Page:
21 Apr 11 | Re: More reasons to vote YES to AV
When I went to see Stewart Lee before Christmas he was reminiscing about eighties comedy and how absolutely everybody hated the Tories in the eighties. He expressed his amazement at how they kept being re-elected when everyone hated them. “I can only conclude,” he concluded, “that it was because of the superior number of votes they kept getting.”
He’s right, of course, but only a bit right. He’s right that in actual fact, not everybody hated the Tories. The world of alternative comedy was a little bit out of touch in assuming that all parts of society could muster as much Tory hate as a non-representative group of young, metropolitan left-wingers. But Stew isn’t necessarily right to assume that the superior number of votes they kept getting was entirely due to the fact that they were popular. Particularly in the first half of the decade, the Tories benefited enormously from the luxury of an opposition in some disarray. The Labour Party agreed that the Tories were far too right-wing, but they couldn’t agree on how left-wing they should be in response, and what ended up happening is that some of the centrists split off and formed the SDP. Come election time, people who hated the Tories (not everyone but a lot of people) couldn’t all work out who to vote for. If they were really left-wing, sure, they carried on voting Labour. But what if they were centrist? Should they take a risk and vote for this new party, which was closer to what they believed in, or should they stick with lefty-lefty old Labour to try and have the best chance of getting the Tories out?
What happened is what always happens when a new contender comes along to shake up the political landscape. Nobody quite knew how everyone else was likely to vote, so nobody knew how best to make their vote count. The result was that the anti-Tory vote got split, didn’t count for as much as it could have, and the arguably unpopular Conservative government got back in.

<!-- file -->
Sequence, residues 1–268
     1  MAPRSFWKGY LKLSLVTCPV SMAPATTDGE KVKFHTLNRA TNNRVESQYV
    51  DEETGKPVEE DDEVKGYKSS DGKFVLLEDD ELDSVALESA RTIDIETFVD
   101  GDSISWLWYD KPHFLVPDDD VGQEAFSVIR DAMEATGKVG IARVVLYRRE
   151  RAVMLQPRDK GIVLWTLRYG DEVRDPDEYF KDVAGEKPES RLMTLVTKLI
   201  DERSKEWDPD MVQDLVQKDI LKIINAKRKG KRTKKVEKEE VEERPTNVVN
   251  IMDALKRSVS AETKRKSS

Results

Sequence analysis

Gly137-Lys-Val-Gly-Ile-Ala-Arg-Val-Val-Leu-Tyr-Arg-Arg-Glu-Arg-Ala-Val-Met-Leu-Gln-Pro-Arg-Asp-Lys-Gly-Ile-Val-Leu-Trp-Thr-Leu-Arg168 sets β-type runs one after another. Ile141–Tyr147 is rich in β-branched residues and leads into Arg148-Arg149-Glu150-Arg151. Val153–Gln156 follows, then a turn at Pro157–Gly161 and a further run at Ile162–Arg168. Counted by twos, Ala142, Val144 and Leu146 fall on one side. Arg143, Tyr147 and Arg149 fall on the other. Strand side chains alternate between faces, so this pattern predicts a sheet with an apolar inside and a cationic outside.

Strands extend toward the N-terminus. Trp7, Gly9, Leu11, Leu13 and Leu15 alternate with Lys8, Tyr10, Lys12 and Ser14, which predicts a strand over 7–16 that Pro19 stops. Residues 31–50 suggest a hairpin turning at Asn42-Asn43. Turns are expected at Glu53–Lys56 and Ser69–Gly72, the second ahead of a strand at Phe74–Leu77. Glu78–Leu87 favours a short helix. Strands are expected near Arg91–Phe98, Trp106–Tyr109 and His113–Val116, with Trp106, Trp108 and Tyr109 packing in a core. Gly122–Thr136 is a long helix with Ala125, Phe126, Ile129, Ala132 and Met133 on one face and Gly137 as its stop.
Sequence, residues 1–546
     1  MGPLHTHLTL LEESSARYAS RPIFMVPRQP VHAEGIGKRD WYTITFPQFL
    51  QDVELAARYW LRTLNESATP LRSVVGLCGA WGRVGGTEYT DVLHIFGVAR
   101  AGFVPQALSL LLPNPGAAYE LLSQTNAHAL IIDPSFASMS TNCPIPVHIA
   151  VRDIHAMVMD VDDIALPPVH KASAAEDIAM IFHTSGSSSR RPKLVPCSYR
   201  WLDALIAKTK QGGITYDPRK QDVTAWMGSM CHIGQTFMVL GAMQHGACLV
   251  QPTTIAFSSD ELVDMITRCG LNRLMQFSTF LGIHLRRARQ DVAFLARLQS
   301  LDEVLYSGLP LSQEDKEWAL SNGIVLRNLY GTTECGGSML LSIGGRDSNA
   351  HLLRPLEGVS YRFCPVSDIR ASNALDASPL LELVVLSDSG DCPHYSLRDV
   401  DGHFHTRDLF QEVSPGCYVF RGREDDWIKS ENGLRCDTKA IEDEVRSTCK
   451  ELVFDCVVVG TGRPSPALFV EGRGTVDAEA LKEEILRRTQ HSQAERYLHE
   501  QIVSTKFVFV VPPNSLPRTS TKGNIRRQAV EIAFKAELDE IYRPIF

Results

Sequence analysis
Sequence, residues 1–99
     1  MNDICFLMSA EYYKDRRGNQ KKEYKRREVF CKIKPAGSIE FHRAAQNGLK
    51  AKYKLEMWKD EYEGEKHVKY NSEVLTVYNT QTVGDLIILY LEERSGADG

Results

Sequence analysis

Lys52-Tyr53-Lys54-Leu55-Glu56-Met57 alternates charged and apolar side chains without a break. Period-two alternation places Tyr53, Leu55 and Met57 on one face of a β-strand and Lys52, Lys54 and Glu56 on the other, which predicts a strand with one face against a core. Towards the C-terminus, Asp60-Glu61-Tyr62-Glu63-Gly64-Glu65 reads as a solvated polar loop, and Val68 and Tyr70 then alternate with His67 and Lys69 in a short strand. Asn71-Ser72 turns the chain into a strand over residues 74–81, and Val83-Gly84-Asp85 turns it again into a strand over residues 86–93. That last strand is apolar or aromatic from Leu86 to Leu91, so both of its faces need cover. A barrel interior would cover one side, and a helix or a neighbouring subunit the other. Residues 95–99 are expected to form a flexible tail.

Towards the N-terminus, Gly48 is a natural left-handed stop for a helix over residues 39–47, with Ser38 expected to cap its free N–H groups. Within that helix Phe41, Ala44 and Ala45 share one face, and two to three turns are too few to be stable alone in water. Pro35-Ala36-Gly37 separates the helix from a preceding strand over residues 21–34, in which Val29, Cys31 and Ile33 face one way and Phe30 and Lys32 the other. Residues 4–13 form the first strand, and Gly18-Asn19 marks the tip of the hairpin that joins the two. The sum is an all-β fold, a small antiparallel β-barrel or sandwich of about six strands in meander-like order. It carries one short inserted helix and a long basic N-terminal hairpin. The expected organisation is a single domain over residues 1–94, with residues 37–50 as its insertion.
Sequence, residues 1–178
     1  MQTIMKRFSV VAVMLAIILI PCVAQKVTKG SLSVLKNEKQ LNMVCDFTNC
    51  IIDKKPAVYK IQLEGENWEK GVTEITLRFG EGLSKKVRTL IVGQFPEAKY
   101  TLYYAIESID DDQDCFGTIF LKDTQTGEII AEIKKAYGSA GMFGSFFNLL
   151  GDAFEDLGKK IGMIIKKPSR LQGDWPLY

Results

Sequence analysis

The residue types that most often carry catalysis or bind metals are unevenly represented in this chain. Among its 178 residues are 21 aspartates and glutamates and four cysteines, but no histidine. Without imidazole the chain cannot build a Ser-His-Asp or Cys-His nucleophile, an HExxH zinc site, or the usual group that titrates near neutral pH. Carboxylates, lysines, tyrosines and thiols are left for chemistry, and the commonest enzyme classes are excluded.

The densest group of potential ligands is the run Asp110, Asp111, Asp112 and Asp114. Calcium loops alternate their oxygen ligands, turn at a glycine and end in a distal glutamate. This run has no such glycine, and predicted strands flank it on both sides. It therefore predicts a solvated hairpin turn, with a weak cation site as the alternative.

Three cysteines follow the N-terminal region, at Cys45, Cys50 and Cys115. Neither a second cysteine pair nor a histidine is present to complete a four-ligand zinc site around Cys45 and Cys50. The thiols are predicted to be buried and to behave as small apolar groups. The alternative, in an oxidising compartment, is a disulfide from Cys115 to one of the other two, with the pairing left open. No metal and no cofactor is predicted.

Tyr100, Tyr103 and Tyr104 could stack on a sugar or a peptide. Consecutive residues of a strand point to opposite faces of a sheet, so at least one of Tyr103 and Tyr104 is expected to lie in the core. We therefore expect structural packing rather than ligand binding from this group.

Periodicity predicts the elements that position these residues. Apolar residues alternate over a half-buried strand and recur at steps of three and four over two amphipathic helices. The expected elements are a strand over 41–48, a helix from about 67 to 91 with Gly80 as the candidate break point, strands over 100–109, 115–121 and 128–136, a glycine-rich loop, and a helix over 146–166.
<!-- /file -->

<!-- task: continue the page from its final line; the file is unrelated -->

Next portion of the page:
Under Alternative Vote, the SDP splitting off wouldn’t have mattered so much. People who hated the Tories wouldn’t have had to guess which party to pick as the focus of that hatred. The centrists could have put SDP first, Labour second, and the others could have done it the other way, and there would have been no wasted votes. Democratic utopia! Now I’m not saying for definite that the Tories wouldn’t have won - but at least the people who liked them and the people who didn’t like them could all have had their say without having to play a silly guessing game.
This kind of thing is why I don’t understand people who say the AV question is boring. The crisis of the left in the eighties was one of the major political events of the late 20th century, and its ramifications would have been entirely different under AV. The benefits of AV aren’t only of interest to pollsters and mathematicians - they could have radically altered our history.
There is more to this.
In 1997, Labour had the opposite problem. The Conservative government was immensely unpopular, so electorally, they felt like they were staring at an open goal. But they’d been there before, five years earlier, and not got in. Some people wanted to learn from 1992 and make the Labour Party quite a lot more right-wing, just to make sure they would have the broadest appeal possible and definitely get elected. Others thought that by now, the Tories were so unpopular that they could stay quite left-wing and still win without having to compromise. This was quite a conundrum - they didn’t want to blow it again and be in the wilderness for another five years!
What eventually happened was that the get-more-right-wing-to-be-safe crowd won, creating New Labour. A lot of the old lefties were quite unhappy about that, but did they do anything? Not this time! The New Labour people were able to invoke the SDP debacle from the eighties and stress the importance of absolute unity - division within the party could have spelt electoral death once again. So the party stayed together and everyone contested the election as New Labour, and got in with a massive majority. The problem was that New Labour didn’t accurately represent the concerns of all the MPs who made up that majority, but the majority was so big that the leadership could afford to ignore that. Blair was able to claim all the anti-Tory feeling that had built up over 18 years as pro-Blair feeling, and use this illusory mandate to do whatever he wanted.
Under Alternative Vote, anyone who didn’t like what Blair was doing could have happily split off and formed Socialist Labour or Real Labour or Old Labour and stood in the election as well. There would be no worry about splitting the vote, so the electorate would have decided which Not-The-Tories party it preferred. In some areas, that would have been New Labour, in some it would have been Old Labour. Maybe that would have meant a reduced majority for New Labour, maybe even a coalition. But either way, the section of the electorate that liked Old Labour would have had a chance to get its voice properly heard, instead of being completely ignored.
To me, everyone gets heard = better democracy. That’s why AV is a better system. Not just in the abstract world of maths - in the real world too.
Posted by SCOTTY WATTS at 18:05